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3 fashion risks to take now that you’re ready to reinvent yourself

Image via Mean Girls
Words by Tim Grant

The time is now.

In just two short months, we’ll be heading into a new decade. If there’s ever been a time to throw yourself into a brash new identity, it’s now.

There were a number of fun trends coursing through the runways this September, one of which I’ve already covered. These September collections were called Ready-To-Wear, but (just between us) sometimes what goes down the runway can be a bit much for casual dress. It only takes one look at the Marie Antoinette vibe going at Thom Browne’s recent show to know that.

So here are the three bold moves that you can integrate into your 2020 personal brand that won’t feel like a costume.

Eventually.

Courageous Cut-outs

There are few ways to make an item of clothing interesting as effectively as just cutting parts of it out. À la Regina George’s bra singlet, this season mostly everything had hunks of it taken out, and occasionally sewn back on afterwards.

 

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– LOOK NR 16 – SS’20 I #haiderackermann

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Some brands used the cut-out subtly, emphasising the shape of the garment and the body of the wearer. Richard Malone combined high and low necklines in the single item, exposing clavicles and shoulders gracefully. Haider Ackerman brought a sleek drama to blazers and lace-wrought formalwear.

Other designers had bigger appetites. Comme des Garçons somehow managed to uncover every part of the body over the course of the afternoon. This is super remarkable given that Rei Kawakubo stayed true to her roots of oversized ornamentation and amorphous silhouettes.

 

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Look 6 – Eve #firelivesinthedeathofwater

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Dilara Findikoglu earns the top spot in this category, however, for managing to make a low-rise pair of chaps look stylish. Findikoglu demonstrated a natural instinct for cutting off a garment right at the point where it risked becoming boring. Follow in her lead by exposing as much of the middle third of your body as possible while still maintaining an art gallery goth aesthetic.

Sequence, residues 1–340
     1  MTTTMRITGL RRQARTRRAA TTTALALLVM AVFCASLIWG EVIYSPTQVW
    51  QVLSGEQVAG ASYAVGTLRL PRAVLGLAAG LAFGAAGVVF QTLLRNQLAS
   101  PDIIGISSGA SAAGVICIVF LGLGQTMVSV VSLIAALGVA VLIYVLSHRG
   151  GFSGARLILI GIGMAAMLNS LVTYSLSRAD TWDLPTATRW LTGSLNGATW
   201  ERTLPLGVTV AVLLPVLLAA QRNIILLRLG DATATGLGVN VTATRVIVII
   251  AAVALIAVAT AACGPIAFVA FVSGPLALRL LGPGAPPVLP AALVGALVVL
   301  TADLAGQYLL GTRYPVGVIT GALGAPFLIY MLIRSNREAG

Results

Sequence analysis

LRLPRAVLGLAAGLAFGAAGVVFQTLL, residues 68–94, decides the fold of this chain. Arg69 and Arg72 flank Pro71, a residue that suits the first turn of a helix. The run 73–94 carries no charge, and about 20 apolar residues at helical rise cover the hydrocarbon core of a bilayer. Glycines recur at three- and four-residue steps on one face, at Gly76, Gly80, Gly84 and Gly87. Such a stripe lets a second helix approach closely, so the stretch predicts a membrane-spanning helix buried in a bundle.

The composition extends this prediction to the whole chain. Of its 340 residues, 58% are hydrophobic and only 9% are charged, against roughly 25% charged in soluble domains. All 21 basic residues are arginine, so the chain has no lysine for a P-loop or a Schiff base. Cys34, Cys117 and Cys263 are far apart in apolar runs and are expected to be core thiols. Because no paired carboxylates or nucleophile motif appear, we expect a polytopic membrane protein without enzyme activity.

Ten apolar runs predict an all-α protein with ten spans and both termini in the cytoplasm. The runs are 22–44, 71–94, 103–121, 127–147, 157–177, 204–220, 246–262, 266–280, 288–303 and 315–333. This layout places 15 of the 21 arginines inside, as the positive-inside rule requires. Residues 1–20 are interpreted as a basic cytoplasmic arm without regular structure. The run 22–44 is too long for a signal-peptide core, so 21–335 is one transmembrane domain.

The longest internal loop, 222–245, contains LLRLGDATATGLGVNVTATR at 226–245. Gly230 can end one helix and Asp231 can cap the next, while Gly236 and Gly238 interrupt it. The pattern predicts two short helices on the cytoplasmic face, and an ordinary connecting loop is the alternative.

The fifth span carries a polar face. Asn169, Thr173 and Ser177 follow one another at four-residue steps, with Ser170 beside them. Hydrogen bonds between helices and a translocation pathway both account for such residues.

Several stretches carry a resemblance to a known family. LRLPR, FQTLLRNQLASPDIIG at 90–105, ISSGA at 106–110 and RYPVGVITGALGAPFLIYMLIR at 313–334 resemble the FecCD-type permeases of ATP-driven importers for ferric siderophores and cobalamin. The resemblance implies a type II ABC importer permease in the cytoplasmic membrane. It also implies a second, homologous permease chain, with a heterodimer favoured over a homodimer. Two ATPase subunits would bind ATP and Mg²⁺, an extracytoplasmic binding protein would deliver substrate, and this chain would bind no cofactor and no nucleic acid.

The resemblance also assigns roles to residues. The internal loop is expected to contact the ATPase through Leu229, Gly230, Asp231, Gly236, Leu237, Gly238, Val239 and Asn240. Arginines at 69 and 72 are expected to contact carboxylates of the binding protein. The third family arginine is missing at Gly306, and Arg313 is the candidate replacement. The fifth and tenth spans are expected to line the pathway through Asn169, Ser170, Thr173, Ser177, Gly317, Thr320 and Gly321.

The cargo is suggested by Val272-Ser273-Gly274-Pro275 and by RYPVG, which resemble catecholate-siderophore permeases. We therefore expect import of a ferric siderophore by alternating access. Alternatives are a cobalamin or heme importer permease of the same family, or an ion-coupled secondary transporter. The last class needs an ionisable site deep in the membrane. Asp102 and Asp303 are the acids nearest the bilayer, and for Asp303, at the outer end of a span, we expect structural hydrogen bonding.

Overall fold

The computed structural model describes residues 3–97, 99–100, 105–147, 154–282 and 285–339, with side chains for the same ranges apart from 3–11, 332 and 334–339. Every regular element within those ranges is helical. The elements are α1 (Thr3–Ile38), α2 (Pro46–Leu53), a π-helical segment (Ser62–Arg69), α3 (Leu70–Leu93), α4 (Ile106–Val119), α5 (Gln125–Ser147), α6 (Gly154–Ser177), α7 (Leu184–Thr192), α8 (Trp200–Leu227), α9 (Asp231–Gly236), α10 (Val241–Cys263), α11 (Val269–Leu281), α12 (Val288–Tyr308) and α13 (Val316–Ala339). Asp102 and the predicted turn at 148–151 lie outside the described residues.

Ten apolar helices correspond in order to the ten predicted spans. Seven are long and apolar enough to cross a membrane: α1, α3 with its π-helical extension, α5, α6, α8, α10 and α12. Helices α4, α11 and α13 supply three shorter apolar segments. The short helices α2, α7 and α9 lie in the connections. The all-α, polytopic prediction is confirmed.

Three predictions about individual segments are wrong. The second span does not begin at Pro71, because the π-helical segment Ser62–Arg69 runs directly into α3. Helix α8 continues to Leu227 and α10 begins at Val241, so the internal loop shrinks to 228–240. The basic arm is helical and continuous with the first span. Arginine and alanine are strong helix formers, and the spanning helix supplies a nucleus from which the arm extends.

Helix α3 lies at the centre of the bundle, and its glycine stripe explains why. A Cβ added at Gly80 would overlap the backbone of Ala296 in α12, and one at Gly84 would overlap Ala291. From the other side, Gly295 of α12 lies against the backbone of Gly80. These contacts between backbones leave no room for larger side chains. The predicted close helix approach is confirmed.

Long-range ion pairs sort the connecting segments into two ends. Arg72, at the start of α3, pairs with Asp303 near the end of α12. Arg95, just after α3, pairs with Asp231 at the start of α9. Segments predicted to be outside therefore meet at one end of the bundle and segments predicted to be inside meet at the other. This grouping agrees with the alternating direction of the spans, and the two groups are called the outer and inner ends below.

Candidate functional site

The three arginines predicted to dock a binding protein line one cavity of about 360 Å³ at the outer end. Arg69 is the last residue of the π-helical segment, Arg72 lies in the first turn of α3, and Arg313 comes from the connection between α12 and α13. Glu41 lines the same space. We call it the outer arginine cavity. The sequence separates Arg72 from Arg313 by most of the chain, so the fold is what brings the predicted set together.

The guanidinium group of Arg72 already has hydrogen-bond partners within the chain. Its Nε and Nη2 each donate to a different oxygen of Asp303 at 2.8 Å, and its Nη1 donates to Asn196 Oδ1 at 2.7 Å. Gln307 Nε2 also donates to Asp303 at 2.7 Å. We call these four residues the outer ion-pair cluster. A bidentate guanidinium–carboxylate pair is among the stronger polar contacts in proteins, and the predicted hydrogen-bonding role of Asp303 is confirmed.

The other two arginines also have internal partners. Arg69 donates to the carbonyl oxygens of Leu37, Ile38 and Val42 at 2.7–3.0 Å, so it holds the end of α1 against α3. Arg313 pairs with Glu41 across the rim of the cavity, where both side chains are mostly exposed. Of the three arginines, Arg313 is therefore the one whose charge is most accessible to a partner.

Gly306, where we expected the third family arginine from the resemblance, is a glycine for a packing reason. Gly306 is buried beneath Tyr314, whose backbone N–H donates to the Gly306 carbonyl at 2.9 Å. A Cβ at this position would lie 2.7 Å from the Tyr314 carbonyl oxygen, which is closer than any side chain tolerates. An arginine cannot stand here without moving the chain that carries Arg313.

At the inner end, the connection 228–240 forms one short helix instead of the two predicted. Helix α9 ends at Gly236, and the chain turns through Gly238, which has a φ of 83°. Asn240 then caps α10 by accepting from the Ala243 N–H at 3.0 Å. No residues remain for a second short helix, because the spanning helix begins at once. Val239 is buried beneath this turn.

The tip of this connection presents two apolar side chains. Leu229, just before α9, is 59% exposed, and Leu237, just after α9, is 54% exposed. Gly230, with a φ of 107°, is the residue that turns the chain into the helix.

Lingerie as Daywear

You’ll find sheer panelling on nearly any runway you come across these days. Richard Malone, Dilara Findikoglu and Thom Browne all featured it, just to name a few people I’ve already named. Take it to the next level by making the panelling the whole look.

Mugler is the gold standard. Spring 2020 opened with Bella Hadid in a Cronenbergian tuxedo-corset-catsuit, and didn’t let up. Casey Cadwallader has dared us all to consider underwear SFW, fusing gloves with scarves and lacy leggings with the concept of pants. (Mugler also featured an array of cut-outs in a fun call-back to my last section). Get in on the action by combining skin-tight negligée with opaque underwear. Pair with a blazer for black tie events.

If you want to start slow, follow in Loewe’s footsteps by layering sheer dresses over strappy undergarments. The trench coat is very in right now, if you need protection from windchill. We can’t all be Bella Hadid. We can’t even all be Elaine’s friend from Seinfeld. But we’ve got to try, dammit!

Flamboyant Frills

If you’ve seen even one gown by Giambattista Valli or Valentino this decade, you know that lace, feathers, and ruffles can be an entire outfit now. I suggest you embrace a new, reckless version of you by taking a left turn with this trend.

Comme, Mugler and Thom Browne were all advocates for big skirts this season. In particular, highly structured skirts that seem to require handmaidens. Instead of overwhelming the body with opulence, they’re using it as a mannequin for inventive shapes.

For an everyday day look, follow in the footsteps of Mugler and Richard Malone. Mugler carved brightly coloured bunches of silk into stunning skirts, contrasted elegantly with form-fitting tops.

And Malone gathered masses of patchwork pleats around the shoulders and hips for sumptuous silhouettes. When you pick out your next skirt or coat, look for something voluminous, vibrant, and asymmetrical.

I hope I’ve helped to lay the groundwork for the new, adventurous you. Remember to match your looks with bold eyeliner, some pointy boots, and an abundance of commitment.

The roaring 2020s are just around the corner.

Tim covers international fashion for Fashion Journal.

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